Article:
READER COMMENTS ON
"Vape 'Em While Ya Got 'Em: FDA Issues Deadly New E-Cig Rules Supported by Democrats: 'BradCast' 5/10/2016"
(11 Responses so far...)
COMMENT #1 [Permalink]
said on 5/10/2016 @ 7:17 pm PT...
Most people don't smoke, and most people don't vape, and most people don't care about this.
Anybody who is concerned about his health should quit smoking. It may be difficult but it is not complicated. It is not necessary to replace the behavior with something else.
COMMENT #2 [Permalink]
said on 5/10/2016 @ 8:50 pm PT...
Thanks, Nemo. Yes, 500,000 of your fellow citizens (presuming you're American) are unnecessarily killed each year. But fuck them! Am I right?
They do something you don't, so they can all fucking die, cause, hey, it's not "most people".
Also, "most people" don't drink the water in Flint, MI, so why should we care? Most people will be dead before the worst effects of climate change, so why bother? Most people don't even die in wars, so let's wage a lot of them! Why not? Most people aren't gay, so why should they have any rights at all if we don't want them to have them? Most people aren't even black so...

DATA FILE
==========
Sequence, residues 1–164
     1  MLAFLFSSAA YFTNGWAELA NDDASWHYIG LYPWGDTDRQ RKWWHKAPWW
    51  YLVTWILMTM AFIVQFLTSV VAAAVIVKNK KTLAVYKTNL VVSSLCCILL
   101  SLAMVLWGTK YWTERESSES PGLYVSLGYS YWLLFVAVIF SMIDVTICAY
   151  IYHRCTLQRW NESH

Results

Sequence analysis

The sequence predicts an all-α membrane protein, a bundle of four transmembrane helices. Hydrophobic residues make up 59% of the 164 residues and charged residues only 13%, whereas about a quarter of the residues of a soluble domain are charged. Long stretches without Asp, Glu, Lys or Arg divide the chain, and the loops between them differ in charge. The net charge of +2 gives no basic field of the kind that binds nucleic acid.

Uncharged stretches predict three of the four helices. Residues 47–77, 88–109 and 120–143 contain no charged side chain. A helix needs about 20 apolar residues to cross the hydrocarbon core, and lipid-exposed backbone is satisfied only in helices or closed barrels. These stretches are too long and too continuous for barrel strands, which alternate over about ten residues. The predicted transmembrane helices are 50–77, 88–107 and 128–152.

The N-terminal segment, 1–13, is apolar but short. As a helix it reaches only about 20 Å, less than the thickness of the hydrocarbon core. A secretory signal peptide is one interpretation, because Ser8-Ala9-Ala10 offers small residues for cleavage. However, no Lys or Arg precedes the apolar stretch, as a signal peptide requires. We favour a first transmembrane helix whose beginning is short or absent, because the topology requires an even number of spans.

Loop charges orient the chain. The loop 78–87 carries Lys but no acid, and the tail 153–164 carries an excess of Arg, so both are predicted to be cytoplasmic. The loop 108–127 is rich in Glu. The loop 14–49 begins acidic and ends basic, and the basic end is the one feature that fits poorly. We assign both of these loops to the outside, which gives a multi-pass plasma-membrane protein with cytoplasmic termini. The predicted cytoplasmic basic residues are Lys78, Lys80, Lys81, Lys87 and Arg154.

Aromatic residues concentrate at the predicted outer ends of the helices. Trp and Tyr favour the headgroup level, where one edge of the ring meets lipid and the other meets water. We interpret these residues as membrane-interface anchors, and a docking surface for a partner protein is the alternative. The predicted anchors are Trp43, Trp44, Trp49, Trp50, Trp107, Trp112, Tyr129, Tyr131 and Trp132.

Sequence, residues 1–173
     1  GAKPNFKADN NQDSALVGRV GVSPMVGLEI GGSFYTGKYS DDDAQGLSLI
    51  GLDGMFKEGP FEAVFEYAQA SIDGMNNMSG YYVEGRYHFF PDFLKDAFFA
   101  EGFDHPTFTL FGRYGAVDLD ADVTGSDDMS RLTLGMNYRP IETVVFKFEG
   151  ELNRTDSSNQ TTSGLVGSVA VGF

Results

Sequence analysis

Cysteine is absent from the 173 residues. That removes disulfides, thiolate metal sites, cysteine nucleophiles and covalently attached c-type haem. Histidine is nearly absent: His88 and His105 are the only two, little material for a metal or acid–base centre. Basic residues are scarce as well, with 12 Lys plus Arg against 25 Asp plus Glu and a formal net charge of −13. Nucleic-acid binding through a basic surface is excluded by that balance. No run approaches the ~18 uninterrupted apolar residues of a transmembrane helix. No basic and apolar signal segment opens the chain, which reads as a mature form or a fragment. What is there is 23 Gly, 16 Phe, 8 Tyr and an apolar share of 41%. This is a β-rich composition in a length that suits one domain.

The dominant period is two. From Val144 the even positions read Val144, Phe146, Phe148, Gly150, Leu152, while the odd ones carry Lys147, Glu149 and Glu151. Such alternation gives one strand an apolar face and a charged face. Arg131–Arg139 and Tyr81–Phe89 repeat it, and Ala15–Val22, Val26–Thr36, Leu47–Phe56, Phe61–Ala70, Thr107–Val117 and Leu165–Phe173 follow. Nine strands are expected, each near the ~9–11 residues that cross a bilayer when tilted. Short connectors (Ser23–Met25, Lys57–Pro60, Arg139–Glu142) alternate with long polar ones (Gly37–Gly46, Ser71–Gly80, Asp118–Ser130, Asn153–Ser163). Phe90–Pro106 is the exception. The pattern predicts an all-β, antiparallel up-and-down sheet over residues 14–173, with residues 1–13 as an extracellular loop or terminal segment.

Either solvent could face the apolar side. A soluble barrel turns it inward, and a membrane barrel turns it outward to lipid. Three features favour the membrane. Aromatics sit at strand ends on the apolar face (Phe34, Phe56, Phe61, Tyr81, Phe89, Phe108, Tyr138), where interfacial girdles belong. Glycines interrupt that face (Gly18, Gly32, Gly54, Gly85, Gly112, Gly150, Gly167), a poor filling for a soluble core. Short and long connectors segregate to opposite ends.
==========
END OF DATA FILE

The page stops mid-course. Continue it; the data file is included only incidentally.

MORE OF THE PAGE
I'll just step away from the fucking keyboard now, so I can cool down. Hopefully you'll grow the fuck up in the meantime. Like most people.
COMMENT #3 [Permalink]
said on 5/11/2016 @ 1:37 pm PT...
as a retired doctor, I commend you Brad for quitting smoking, but just a brief google search and my own knowledge of how lungs work tells me that inhaling chemicals is likely a bad idea. As for kids 'going to smoke anyway' -only kids whose families smoke are likely to smoke. Vaping products should absolutely be as restricted as cigarettes. This segment was amazingly biased compared to anything else I've heard on your show,
COMMENT #4 [Permalink]
said on 5/11/2016 @ 3:05 pm PT...
I am for smokers using vaping products. I used to hide or burn my mothers cigs so she would not smoke (when I was a kid). I don't mind the smell of vaping.